Pardon me if I am not party to the unabated national outcry and blame-game swirling around President Barrow, the CRC, and especially, National Assembly Members (NAMs), who killed the 2020 Draft Constitution Bill. The Draft Constitution was contested terrain right from the start and represented multiple group and institutional interests that one would be hard pressed to reconcile.
In politics, as the saying goes: there are no permanent friends, or enemies, only permanent interests. And, where compromise is absent politics are more about how to gain an edge over one’s opponents. To do otherwise is to remove “politics” from a process that is by all measures, “political.” The “Yes,” and “No” votes amply demonstrated the political character of the failed Draft Constitution and brought to the surface the deep divide over partisan and conflicting political interests.
The framers are not any less political than the politicians themselves, the judiciary and executive members of government. Each harbor individual, institutional and party interests that compelled them to behave, or vote the way they did. Thus, the draft was not a neutral document that was above partisan interests. Framers’ own political, economic and moral leanings seeped into the document itself. How else can one explain the draft’s exaggerated shari’a, anti-woman, and male-centered provisions?
To state the obvious: The Draft Constitution was never about protecting the interests of ordinary Gambians, despite what politicians and Framers claim. Rather, it was crafted primarily to protect the interests of the political class and privileged few who constitute the three branches of government. Whatever benefits ordinary Gambians would have gained from the process were largely coincidental. Pardon me if I am a little too cynical.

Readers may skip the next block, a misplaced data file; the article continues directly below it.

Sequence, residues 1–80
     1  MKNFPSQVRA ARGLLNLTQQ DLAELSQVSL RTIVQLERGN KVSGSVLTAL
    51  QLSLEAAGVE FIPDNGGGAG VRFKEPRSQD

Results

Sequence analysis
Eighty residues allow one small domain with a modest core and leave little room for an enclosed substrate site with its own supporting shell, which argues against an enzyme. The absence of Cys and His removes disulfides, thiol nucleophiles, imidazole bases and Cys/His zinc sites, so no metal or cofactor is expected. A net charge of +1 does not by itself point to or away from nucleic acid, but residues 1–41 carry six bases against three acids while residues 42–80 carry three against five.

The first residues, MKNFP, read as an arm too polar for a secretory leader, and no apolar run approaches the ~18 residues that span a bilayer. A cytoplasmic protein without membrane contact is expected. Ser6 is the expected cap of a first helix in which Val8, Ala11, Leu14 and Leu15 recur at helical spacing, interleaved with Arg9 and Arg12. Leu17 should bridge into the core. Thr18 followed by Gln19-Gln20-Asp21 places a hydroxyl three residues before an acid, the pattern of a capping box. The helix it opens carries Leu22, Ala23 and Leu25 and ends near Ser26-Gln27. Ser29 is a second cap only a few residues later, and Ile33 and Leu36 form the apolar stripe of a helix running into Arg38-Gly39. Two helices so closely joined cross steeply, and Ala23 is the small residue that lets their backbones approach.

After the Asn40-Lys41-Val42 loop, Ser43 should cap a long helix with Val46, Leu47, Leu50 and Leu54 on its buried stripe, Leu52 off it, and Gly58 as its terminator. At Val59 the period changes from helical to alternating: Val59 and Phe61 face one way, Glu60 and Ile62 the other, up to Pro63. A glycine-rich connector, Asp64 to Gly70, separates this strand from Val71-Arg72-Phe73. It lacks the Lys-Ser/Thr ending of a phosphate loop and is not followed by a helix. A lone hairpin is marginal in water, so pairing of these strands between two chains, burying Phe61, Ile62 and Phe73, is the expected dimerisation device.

In a sense the Draft Constitution failed to pass precisely because many within these ranks could not agree to the rules of the game, and much less its consequent power dividends. The masses of Gambians were reduced to mere spectators, as political contenders fought over control and power. It is as simple as that.
That is to say, the struggle for supremacy over the polity, between the historically powerful Executive against the Judiciary, and between them and the Legislature, reached epic proportions- with ordinary Gambians being the biggest losers. Politics in Gambia have always been about self-interest (nafaa). How else can one make sense of the poor conditions of the average farmer/Gambian?
Though the “national interest,” was invoked by NAM supporters and opponents of the bill, often a cover for class, or elite interests, their political interests were obvious to all. This made any potential benefits to the average Gambian, secondary, to the overriding class/elite interests. This alone makes a mockery of the notion that Gambians are the ultimate “sovereign.” This is an otherwise hollow idea too often bandied around, as ideology, to secure “consent” of the population- sometimes against their own interests.
Thus, in the absence of a true “national interest,” if it exists at all, and because the executive, and NAMs, are “political animals,” it would be naive to expect them to shoot themselves in the foot and vote against their political interests. If they did, it would most certainly spell their political demise. Morality aside, President Barrow’s interests lay in a defeated draft bill, and Darboe, would have in all likelihood behave similarly. This is the essence of politics. Regrettably, democracy is not for the masses, but “for the few.”
A future, or reconstituted CRC, if that is the way to go, must be selected with care to avoid the appearance, or perception of collusion between lead Framers and their lead judicial colleagues. Overlap in judicial philosophy, temperament, and religious beliefs should have raised concern right from the start. Framers must also be more self-reflective, in order to temper their sensibilities from leaching into the Constitution-making process.
In the end, the draft bill failed precisely because of irreconcilable individual, institutional, and party interests regardless of how much money, time and energy were expended. It also failed because of several odious provisions that are counter to the core beliefs and values of many Gambians who lobbied against it. However, not all is lost, as important lessons have hopefully been learnt to avoid political polarisation and strive for building consensus, difficult as that may be.
Abdoulaye Saine is one of The Gambia’s leading academics.